I love a good horror movie. But there’s no denying that the horror genre has been struggling and just isn’t as strong as it used to be. Well leave it to Joss Whedon and Drew Goddard to take the genre, turn it on its head, and give it a good shake. Their film “The Cabin in the Woods” is far from conventional even though it certainly starts that way. But the fact is Whedon and Goddard are setting up the audience for what turns out to be a horror comedy that ranges from satirical to a full-blown critique of what the horror genre has become. Goddard directs, Whedon produces, and both write this bit of welcomed freshness that isn’t a perfect film but it certainly works on many levels.
It’s impossible to watch “The Cabin in the Woods” without seeing tips of the hat to several horror movie classics. You’ll also quickly recognize many of the same tropes and devices used in the genre for years. Whedon and Goddard dabble in the familiar territory of slasher movies, zombie flicks, ghost stories, torture porn, and even creature features. But its simply impossible to go into much detail without spoiling the film. Let’s just say that all of these ingredients fit very well into what “The Cabin in the Woods” is trying to do. And trust me, you’ll start out in very familiar territory but things quickly change as the story progresses.
Tell me if you’ve heard this before: five college friends set out to a remote cabin in the woods for a weekend of partying and frolicking. We have the big jock (Chris Hemsworth), the sultry blonde (Anna Hutchison), the studious good guy (Jesse Williams), the dope head (Fran Kranz), and the straight-laced, level-headed heroine (Kristen Connolly). These are all characters we’ve seen over and over in horror films. But here they are used intentionally and with good reason. Obviously their little getaway isn’t going to end well and we get little hints of that along the way. As things begin to go bad, we see these characters making some of the same bone-headed decisions that they always make in these pictures. But the bigger difference here is with the consequences and more specifically who’s behind them. That’s as far as I’m willing to go in describing the story. It’s best to go into the film simply knowing that there is more to it than what you’re introduced to. Just know that things go nuts in the final act and the audience, especially horror fans, will find it an entertaining challenge to process all that we are given.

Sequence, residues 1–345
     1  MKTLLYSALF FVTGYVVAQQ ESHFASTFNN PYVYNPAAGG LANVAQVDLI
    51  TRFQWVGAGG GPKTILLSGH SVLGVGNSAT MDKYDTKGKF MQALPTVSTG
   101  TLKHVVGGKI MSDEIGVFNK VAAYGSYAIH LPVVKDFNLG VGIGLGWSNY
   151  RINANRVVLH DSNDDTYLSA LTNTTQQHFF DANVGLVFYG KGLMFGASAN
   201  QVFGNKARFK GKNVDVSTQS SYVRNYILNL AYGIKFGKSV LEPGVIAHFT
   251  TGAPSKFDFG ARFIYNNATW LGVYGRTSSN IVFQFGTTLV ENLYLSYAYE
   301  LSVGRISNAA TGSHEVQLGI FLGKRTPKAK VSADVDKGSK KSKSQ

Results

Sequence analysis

But the movie does have a few issues that keep it from being a great film. The most glaring issue for me was with the gaping plot holes scattered throughout the story. There were instances where the film changed course while leaving unfinished business behind . There are also a couple of times where certain characters drop off the map. I know I’m being incredibly vague here for fear of spoiling things, but let’s just say the story requires you to sometimes brush aside what seems like useful information. The ending also requires a very abrupt acceptance of what you’re seeing. Don’t get me wrong, it’s lots of fun and it will have you wanting to watch the movie again. But it’s so out-of-the-blue that when the credits start to roll you have to accept what you’ve seen and just go with it.
I didn’t mention one of “The Cabin in the Woods” strongest features – it’s humor. There are some really funny moments in this picture and I found myself laughing out loud on more than one occasion. On the flip side, the movie isn’t scary at all which I found to be a bit disappointing. But then I asked myself if Whedon and Goddard cared if it was scary or not. In the end, this is one part homage and one part critique of a genre that has seen better days. Looking at the movie from that perspective makes it a very satisfying horror experience. And even though it stumbles with its storytelling in a few places, the undeniable freshness, good humor, and blood-soaked final act make it all worthwhile.